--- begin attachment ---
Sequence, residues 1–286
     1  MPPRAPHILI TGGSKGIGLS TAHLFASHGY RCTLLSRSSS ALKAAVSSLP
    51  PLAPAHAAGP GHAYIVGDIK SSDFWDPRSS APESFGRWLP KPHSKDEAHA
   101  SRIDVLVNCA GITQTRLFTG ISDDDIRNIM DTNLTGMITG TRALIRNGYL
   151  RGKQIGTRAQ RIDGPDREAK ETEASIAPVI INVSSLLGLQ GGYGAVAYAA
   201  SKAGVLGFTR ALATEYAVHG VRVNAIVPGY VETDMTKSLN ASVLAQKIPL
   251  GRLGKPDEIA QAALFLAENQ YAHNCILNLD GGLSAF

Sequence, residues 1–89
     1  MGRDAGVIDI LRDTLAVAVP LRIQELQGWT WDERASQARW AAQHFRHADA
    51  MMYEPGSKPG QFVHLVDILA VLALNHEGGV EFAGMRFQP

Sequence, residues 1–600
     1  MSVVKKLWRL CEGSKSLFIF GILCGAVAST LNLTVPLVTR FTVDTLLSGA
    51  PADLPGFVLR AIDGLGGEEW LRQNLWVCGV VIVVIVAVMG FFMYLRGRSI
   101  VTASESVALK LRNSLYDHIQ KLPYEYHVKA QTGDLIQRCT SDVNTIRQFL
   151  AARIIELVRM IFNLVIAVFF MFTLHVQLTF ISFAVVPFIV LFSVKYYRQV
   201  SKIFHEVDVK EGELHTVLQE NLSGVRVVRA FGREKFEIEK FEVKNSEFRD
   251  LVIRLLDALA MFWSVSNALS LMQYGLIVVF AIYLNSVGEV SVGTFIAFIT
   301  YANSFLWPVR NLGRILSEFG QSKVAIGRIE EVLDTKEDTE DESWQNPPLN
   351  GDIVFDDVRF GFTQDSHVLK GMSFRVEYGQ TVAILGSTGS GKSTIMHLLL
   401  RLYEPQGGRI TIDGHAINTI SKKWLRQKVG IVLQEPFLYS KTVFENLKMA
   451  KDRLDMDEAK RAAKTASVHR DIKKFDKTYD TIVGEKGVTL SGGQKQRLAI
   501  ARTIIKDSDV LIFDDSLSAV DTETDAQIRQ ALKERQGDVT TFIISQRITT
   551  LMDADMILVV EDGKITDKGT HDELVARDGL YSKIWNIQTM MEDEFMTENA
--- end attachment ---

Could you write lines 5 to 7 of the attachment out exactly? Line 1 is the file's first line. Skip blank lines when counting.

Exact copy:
   151  RGKQIGTRAQ RIDGPDREAK ETEASIAPVI INVSSLLGLQ GGYGAVAYAA
   201  SKAGVLGFTR ALATEYAVHG VRVNAIVPGY VETDMTKSLN ASVLAQKIPL
   251  GRLGKPDEIA QAALFLAENQ YAHNCILNLD GGLSAF